New Customers Save $20 off $100+* with code AUGUSTNEW
New Customers Save $20* with code AUGUSTNEW
*For new customers only. Order must be placed by 8/31/2017. The $20 discount is given for a single order of $100 or more excluding shipping and tax. Some exclusions may apply. Promotion code does not apply to certain Champagne brands, Riedel glassware, gift certificates, fine and rare wine and all bottles 3.0 liters or larger. Promotion does not apply to corporate orders. No other promotion codes, coupon codes or corporate discounts may be applied to order. Not valid on Bordeaux Futures.
Le Macchiole Paleo 2008
Paleo is a landmark Italian expression of Cabernet Franc that is not at all bashful in terms of fullness and richness. Bold fruit and black cherry aromas have been soften by careful oak tones of spice and leather. Structured, firm but also velvety in texture, this wine needs more years to evolve. Cellar Selection.
Good full ruby-red. Knockout, extremely fragrant nose combines raspberry, strawberry, Oriental spices, bay leaf, violet and white pepper. Fine-grained, pure and penetrating on the palate, with outstanding density and great energy to the flavors of red berries, aromatic herbs and white pepper. The extremely long, perfumed, palate-staining finish features supple tannins that are in perfect harmony with the wine's fruit. Another great Paleo in the making: I love this wine's vibrant delivery of pure, unadulterated cabernet franc aromas and flavors. A great showing.
Dark red fruit, freshly cut flowers, minerals, spices and sweet herbs are some of the notes that emerge from the estate's 2008 Paleo Rosso. The Paleo impresses for its vibrant minerality and exceptionally long, focused finish. The 2008 isn’t a huge, opulent Paleo, rather it is a wine of more classic proportions built on harmony, of which there is no shortage here. Crushed flowers and sweet spices from the oak are sublime in the empty glass. Paleo Rosso is 100% Cabernet Franc that spent 14 months in French oak, 70% new barriques and 30% 1 year-old 112 liter barrels previously used for Messorio. Anticipated maturity: 2015-2028.
Offers black currant, black cherry and cedar aromas and flavors, with hints of sage. Round and juicy, its tannins are integrated, and the finish lingers. A fruit-driven red. Cabernet Franc.
An underappreciated wine-producing country currently undergoing a renaissance...
An underappreciated wine-producing country currently undergoing a renaissance, South Africa has a surprisingly long and rich history considering its status as part of the “New World” of wine. In the mid-17th century, the lusciously sweet dessert wines of Constantia were highly prized by the European aristocracy. Since then, the South African wine industry has experienced some setbacks due to the phylloxera infestation of the late 1800s and political difficulties throughout the following century. Today, however, it is increasingly responsible for high-quality wines that are helping to put the country back on the international wine map. Wine production is mainly situated around Cape Town, where the climate is generally warm to hot, but the Benguela current from Antarctica provides the brisk ocean breezes necessary for steady ripening. Similarly, cooler high-elevation vineyard sites offer climatic diversity.
South Africa’s wine regions are divided into region, then smaller districts, and finally wards, but the country’s wine styles are differentiated more by grape variety than by region. Pinotage, a cross between Pinot Noir and Cinsault, is the country’s “signature” grape, responsible for earthy, gamey reds. When Pinotage is blended with other red varieties, like Cabernet Sauvignon, Merlot, Syrah, or Pinot Noir (all commonly vinified alone as well), it is often labeled as a “Cape Blend.” Chenin Blanc (locally known as “Steen”) dominates white wine production, with Chardonnay and Sauvignon Blanc following behind.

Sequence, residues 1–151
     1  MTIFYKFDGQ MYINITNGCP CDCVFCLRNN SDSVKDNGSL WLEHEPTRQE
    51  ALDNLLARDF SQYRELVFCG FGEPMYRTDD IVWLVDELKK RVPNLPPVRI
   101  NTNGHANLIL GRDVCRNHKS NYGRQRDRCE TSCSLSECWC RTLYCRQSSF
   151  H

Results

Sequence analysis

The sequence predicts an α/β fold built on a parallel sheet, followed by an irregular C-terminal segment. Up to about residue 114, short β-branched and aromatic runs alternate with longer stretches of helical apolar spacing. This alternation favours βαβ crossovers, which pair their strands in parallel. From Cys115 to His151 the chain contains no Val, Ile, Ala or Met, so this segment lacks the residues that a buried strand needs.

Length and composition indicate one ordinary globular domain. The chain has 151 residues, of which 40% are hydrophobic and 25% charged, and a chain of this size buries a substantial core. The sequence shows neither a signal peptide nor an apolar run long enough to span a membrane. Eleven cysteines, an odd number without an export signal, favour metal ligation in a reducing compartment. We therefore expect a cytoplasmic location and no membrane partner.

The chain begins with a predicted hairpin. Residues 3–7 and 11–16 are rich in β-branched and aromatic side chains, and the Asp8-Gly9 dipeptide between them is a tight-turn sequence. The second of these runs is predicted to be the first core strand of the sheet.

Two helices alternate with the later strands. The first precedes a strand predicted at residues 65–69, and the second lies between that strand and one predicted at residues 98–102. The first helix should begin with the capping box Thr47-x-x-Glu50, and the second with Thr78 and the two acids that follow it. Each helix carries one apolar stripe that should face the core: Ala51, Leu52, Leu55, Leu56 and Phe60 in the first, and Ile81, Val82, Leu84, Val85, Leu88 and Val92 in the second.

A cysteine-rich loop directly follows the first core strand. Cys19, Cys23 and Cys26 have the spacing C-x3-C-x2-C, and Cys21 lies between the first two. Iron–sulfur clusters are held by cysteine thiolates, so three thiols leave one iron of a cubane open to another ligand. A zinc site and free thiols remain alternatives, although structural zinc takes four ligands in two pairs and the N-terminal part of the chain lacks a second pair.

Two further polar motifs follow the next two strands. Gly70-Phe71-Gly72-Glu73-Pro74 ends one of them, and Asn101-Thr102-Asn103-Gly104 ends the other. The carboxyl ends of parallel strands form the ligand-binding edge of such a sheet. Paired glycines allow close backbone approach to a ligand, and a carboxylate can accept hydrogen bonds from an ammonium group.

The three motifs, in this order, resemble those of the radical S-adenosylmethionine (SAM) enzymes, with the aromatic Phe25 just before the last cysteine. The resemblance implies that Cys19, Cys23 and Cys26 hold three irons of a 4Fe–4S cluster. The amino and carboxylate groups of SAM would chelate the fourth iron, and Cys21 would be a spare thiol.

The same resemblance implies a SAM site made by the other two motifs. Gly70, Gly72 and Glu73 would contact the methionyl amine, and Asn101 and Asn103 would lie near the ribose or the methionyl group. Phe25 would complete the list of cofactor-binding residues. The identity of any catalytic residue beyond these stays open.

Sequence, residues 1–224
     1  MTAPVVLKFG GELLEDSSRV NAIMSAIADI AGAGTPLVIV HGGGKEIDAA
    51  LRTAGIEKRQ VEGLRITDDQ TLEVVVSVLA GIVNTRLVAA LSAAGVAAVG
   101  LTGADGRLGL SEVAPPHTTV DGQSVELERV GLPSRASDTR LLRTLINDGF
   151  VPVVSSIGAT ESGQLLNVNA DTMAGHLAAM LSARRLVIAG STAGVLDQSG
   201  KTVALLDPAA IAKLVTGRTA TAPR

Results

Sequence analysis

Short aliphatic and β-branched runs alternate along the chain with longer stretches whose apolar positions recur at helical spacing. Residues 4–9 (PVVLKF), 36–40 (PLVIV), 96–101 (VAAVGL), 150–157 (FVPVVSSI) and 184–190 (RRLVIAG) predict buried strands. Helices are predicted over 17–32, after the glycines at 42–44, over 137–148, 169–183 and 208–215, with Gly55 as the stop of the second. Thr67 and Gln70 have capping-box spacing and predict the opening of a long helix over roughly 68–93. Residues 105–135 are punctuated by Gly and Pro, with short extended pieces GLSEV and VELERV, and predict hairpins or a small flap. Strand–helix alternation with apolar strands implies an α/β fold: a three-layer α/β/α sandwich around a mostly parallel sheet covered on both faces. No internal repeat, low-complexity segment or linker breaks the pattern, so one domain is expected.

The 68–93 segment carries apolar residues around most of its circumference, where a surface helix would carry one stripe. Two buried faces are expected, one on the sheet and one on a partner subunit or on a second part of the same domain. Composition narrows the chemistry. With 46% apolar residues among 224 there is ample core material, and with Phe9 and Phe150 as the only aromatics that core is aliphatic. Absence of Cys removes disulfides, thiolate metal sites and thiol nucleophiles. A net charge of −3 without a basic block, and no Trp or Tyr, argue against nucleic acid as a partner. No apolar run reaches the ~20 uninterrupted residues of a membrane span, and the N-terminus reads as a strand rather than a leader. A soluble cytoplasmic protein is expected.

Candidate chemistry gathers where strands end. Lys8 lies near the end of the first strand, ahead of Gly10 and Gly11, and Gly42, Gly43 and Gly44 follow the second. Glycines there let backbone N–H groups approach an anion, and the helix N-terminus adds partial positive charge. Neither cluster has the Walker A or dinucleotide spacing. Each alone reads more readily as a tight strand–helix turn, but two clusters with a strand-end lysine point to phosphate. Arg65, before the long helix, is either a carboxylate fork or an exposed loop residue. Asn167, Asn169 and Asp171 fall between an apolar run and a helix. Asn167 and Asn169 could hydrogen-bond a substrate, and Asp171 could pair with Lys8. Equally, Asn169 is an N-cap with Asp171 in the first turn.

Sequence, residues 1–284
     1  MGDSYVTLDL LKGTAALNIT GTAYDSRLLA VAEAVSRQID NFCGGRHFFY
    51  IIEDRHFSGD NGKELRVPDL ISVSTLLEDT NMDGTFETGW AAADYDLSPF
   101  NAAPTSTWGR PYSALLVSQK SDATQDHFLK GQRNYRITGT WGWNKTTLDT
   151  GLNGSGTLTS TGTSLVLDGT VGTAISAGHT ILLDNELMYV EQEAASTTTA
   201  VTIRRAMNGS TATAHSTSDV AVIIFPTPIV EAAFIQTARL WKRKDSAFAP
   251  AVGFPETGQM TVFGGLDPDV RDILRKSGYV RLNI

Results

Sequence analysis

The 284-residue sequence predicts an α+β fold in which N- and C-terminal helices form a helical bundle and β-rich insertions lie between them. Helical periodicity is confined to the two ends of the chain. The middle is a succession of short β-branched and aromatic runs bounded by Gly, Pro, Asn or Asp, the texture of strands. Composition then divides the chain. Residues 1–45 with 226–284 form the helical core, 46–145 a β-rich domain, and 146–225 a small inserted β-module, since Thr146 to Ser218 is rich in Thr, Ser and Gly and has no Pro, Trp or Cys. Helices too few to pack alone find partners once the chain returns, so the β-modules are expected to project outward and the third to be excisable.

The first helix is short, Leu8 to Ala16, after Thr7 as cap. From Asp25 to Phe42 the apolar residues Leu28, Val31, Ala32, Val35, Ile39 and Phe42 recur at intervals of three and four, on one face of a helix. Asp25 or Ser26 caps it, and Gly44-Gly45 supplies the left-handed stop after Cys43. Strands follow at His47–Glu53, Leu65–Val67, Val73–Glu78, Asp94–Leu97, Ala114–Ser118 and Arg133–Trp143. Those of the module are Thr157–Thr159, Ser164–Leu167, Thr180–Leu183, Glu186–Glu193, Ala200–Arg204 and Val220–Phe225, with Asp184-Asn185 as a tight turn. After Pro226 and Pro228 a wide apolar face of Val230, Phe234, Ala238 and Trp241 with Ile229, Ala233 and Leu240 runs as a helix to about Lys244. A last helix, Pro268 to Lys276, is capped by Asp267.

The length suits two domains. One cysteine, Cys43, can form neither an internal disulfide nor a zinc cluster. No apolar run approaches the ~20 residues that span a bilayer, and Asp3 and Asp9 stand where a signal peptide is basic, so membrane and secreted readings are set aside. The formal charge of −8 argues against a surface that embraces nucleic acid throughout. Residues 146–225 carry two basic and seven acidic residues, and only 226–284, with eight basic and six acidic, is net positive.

One of the most popular and versatile white wine grapes...
One of the most popular and versatile white wine grapes, Chardonnay offers a wide range of flavors and styles depending on where it’s grown and how it’s made. In Burgundy, Chardonnay produces some of the finest white wines in the world, typically tending towards minimal intervention in the winery and at its best resulting in remarkable longevity. This grape is popular throughout the world, but perhaps its second most important home is in California, where both oaky, buttery styles and leaner, European-inspired wines enjoy great popularity. Oregon, Australia, South America, South Africa, and New Zealand are also significant producers of Chardonnay.
In the Glass
When planted on cool sites, Chardonnay’s flavors tend towards grapefruit, green apple, minerals, and white stone fruit, while warmer locations coax out richer, more tropical flavors of fig, melon, and pineapple. Oak can add notes of vanilla, coconut, and spice (as well as texture), while malolactic fermentation can impart soft, buttery acidity.
Chardonnay is as versatile at the table as it is in the vineyard. The crisp, clean, Chablis-like styles go well with simple seafood, light chicken dishes, and salads. Richer Chardonnays marry well with cream or oil-based sauces.
Since the 1990s, big, oaky, buttery Chardonnays from California have enjoyed explosive popularity. More recently, the pendulum has begun to swing in the opposite direction, towards a clean, crisp style that rarely utilizes new oak. These Old-World style wines have been dubbed the “New California Chardonnays,” and anyone who claims they do not like Chardonnay should give them a try.